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Vulvar Care

Although these recommendations are for women with chronic vulvar skin problems, many of them are applicable to all women.

  • Avoid soap or use mild fragrance-free Dove, or Cetaphil soap. Do not use washcloths; pat dry after bathing.
  • Avoid daily panty liner use because they don't allow the skin to breathe; if that is not possible, use unscented brands. Consider organic pads or tampons. Tampons are safe to use when your vulva is irritated. You can find washable organic cotton panty liners from
  • Use soft white unscented toilet paper.
  • Use fragrance-free laundry detergent. Avoid fabric softeners and dryer sheets, especially for underwear.
  • Avoid douches, using perfumes to the vulvar area, feminine hygiene sprays, and baby wipes.
  • Avoid all commercial over-the-counter itch products, as they can be very irritating. If necessary, use 1% hydrocortisone ointment.
  • Use all-cotton underwear, not just cotton crotch. Avoid thongs and try to keep your underwear loose.
  • Avoid panty hose because they are very constricting and do not allow the skin to breathe. Try knee-highs or thigh-highs. You can try cutting the crotch out of pantyhose if necessary.
  • If you have trouble cleaning after a bowel movement, try liquid Cetaphil soap or mineral oil placed on toilet paper to help remove feces. DON'T RUB. Stool left on the skin can be exceedingly irritating.
  • Urine leakage can also be a source of vulvar irritation. If this is a problem, try buying sanitary pads made especially for urinary incontinence (Depends, Poise).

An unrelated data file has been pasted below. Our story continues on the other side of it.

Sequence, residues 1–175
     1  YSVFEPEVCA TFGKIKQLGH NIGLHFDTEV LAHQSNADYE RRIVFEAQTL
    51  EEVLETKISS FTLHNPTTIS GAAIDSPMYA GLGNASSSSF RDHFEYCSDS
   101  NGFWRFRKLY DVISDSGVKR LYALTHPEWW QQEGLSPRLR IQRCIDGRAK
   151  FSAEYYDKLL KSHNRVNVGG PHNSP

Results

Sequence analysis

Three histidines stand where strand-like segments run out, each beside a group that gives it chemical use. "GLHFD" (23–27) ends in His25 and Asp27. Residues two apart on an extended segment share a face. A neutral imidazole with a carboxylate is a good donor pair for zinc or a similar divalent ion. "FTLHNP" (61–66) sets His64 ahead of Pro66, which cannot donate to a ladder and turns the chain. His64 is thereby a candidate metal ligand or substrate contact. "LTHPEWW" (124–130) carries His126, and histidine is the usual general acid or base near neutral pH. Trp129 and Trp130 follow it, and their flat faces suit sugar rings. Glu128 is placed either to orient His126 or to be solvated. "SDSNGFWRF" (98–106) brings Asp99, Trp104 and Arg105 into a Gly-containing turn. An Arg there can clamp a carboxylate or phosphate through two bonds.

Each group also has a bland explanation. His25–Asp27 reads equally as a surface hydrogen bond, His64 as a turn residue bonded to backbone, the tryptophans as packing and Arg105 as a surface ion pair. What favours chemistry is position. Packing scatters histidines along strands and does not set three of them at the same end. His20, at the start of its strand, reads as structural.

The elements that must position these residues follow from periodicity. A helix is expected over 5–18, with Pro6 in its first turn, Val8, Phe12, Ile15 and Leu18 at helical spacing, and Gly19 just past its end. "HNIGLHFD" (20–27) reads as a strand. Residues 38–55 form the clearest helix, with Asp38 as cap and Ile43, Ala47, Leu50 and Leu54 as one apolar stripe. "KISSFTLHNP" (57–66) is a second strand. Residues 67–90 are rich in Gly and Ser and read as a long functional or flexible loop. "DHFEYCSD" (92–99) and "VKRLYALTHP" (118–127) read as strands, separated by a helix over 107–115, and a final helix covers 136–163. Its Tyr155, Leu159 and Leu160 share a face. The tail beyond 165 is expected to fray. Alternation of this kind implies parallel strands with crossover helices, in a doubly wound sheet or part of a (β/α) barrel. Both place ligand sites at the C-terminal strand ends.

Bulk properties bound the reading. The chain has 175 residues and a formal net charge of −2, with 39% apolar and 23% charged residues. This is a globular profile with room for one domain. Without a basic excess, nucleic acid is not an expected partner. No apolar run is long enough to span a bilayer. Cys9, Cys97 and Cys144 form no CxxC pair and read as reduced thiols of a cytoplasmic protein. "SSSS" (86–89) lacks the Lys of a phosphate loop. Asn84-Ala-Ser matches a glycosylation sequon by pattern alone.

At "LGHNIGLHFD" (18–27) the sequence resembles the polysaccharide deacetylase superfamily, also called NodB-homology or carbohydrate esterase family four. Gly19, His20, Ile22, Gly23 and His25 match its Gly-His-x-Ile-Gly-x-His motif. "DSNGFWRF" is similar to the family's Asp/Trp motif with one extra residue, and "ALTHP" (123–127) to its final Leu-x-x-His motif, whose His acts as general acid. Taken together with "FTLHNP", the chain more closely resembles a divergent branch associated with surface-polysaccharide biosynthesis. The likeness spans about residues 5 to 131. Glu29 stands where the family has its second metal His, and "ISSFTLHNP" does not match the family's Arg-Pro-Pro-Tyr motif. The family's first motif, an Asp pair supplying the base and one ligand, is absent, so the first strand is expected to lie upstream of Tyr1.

• Avoid sitting in a wet bathing suit, and change out of sweaty exercise clothes promptly.
  • Vaseline is a wonderful lubricant to use after bathing, especially for postmenopausal women or younger women with ongoing vulvar skin problems. Crisco is another option.
  • For intercourse we recommend olive oil as a lubricant. Over-the-counter lubricants are fine if they don't irritate the skin or vagina. If you do get irritated with an over-the-counter product, then try an alternative. Avoid lubricants that "heat on contact."
  • If you are feeling irritated, a warm tub bath can be very soothing. Do not put anything in the tub water. Alternatively, you could try a freezer gel pack kept in the refrigerator, wrapped in a washcloth, and placed against the vulva. Cold plain yogurt on a maxipad is also very soothing.
  • Some common vaginal and vulvar irritants: soaps, perfumes, feminine hygiene sprays, minipads, toilet paper with color/fragrance, talcum powder, laundry products, baby wipes, alcohol, douches, spermicides, washcloths, male hygiene products (aftershave, etc), nylons, underwear, makeup, deodorants, stool, and providone iodine (found in some douches).
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